Career Theory – Introduction and Concepts

On this page:
What is theory? Evaluating theory - Scope Supporting - Enabling - Empowering Choosing between theories

Tools for Working with Career Theories

Especially if you are working towards the Level 6 qualification in Career Guidance, having a way to evaluate career theories is going to come in handy. Other people may find it useful to get themselves (re-)engaged in how to assess theories, how to use them and how to explore their scope. This page is an introduction to doing that. Although there is no fixed way of assessing theories (wouldn’t the world be boring if there was!), there are certain things you can take into account. This is not intended to be exhaustive, it’s just an introduction. For those who have a degree already, perhaps in something entirely different, it’s a possible refresher and something to make you think, or even another way of doing things. This is also not a lengthy dissertation but a more practical short guide on different concepts, some used mainly on this website.

What is theory?

When people say “theory”, they usually mean any of the items above but most of the time they are thinking about a premise; “I have this theory of how this works…” they will say. Let’s briefly unpick theory in the context of career theory:


This is the initial idea, which can be a thought, a hunch, an idea, an observation or anything that catches the eye or mind and indicates something new about a situation. Usually, a conclusion follows a premise. In the case of career theory, this will be a new or different approach, based on a worked-out theory.


Builds upon, or challenges and adapts, the previously stated premise. See the example in the pyramid. This is where the premise will be worked out in more detail, based on evidence and offered as a foundation for a new or different approach and tools with which to apply career guidance, support, coaching or counselling.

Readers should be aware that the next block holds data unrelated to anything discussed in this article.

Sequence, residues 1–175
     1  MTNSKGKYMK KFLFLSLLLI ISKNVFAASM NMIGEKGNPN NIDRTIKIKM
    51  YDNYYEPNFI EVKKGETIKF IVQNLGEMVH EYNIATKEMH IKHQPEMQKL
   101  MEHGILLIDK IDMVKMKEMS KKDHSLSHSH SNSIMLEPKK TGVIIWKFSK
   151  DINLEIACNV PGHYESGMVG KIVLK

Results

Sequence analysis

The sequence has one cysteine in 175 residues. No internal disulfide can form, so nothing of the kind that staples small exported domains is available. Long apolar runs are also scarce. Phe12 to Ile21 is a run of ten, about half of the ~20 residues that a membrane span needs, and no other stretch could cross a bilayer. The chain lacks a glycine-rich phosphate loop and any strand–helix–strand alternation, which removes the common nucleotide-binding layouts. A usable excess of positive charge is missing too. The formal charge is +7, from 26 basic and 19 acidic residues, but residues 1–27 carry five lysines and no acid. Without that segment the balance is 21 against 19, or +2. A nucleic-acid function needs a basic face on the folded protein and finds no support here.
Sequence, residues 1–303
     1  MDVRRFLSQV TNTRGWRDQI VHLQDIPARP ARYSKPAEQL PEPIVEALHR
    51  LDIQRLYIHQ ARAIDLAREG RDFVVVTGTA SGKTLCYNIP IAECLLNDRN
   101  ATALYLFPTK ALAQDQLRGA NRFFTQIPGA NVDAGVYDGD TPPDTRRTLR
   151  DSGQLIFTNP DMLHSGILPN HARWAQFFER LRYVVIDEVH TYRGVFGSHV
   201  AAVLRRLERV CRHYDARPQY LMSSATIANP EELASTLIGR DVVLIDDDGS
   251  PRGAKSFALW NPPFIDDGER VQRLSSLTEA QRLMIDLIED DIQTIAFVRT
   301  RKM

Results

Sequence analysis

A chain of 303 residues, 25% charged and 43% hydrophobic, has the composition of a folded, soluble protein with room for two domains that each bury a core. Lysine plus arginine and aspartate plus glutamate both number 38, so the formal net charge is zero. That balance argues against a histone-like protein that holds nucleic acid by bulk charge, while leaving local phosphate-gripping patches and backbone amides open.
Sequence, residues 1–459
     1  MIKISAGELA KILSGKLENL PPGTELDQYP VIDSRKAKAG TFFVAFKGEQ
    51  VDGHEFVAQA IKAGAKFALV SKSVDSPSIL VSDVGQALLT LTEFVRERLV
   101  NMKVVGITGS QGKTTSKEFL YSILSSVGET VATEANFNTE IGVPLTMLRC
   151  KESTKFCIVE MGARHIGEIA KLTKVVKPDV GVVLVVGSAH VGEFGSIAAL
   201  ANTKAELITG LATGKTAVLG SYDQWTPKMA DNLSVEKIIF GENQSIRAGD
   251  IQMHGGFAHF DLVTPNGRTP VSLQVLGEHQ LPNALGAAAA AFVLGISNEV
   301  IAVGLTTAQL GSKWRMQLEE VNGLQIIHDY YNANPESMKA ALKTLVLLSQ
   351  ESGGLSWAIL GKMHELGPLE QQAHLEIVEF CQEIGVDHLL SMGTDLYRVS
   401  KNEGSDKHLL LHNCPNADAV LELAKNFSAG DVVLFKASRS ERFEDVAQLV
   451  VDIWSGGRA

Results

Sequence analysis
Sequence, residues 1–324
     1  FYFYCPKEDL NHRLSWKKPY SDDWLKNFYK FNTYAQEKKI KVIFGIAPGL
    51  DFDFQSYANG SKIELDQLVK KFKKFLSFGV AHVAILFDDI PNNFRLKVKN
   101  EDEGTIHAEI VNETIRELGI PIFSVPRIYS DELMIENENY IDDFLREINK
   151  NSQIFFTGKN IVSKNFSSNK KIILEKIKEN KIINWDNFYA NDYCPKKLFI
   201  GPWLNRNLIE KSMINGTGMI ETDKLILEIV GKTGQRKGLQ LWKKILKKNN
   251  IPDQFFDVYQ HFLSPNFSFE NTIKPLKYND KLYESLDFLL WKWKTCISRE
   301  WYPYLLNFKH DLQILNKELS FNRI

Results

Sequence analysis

One step on from a theory, we will have to think about how we are going to approach career support from the perspective of the premise and theory. How can you mould the theory or the findings in a more practical shape or angle you can actually use within career guidance? (also see below for an expansion on this).


having an approach is all nice and well but what are you going to use with clients to apply this approach? This is where we have to develop the tools to apply the approach, based on the theory which started out with an idea or premise. When you hear people say “I have a theory”, as mentioned, this could mean any of the 4 components above or all of them together. A lot of the time, ‘theory’ means an idea of how something works, without much evidence. Hopefully the explanation and graphic above has put ‘theory’ in a more useful context for career guidance work and self-reflection or reflection on practice. It’s important to be aware of the distinction, but the 4 elements above also offer a very good structure for critiquing any theory: Have a look on the web to see whether you can find a good working definition of ‘theory’. Are any of them useful for career guidance? At least they will have you start thinking about the different elements that come into the word ‘theory’.

Theories? Models? Approach? Eh? I’m confused…

Don’t be! Here’s one interpretation of the difference within the context of career guidance:


Theory is used to explain broad structures or underpinning ideas based on evidence and is less ‘applied’ – e.g.: structural theory – career planning is influenced or determined by social structure. See the second tier of the pyramid above. Theory refers to erm… ‘theoretical structures’ rather than ‘practical structures’, which means it describes background, away from how this background is applied practically in career guidance, although we do build tools based on theories.


A Model is used to offer a very practical structure, sometimes step by step, around which to build an intervention or interventions with clients in a very practical way – eg.: Egan’s model of career guidance:It’s directly related to how we work with clients and often/always has some instruction on how to work with clients generally or specifically.


An approach, in my interpretation, envelopes both of the above and is about how you use theories and models in your work. It’s about how you approach the client’s queries, issues, needs, etc… using a mosaic of theories, models and techniques that resonate with the client and helps them, but within that, also resonates with who we are. It’s your own style of working or the way you approach the work you do. Of course, this is bound up not just with the client’s needs but also with our own background, context, skillset, character, personality and talents. Approach in this sense is the ‘professional artistry‘ Schön talks about in his work.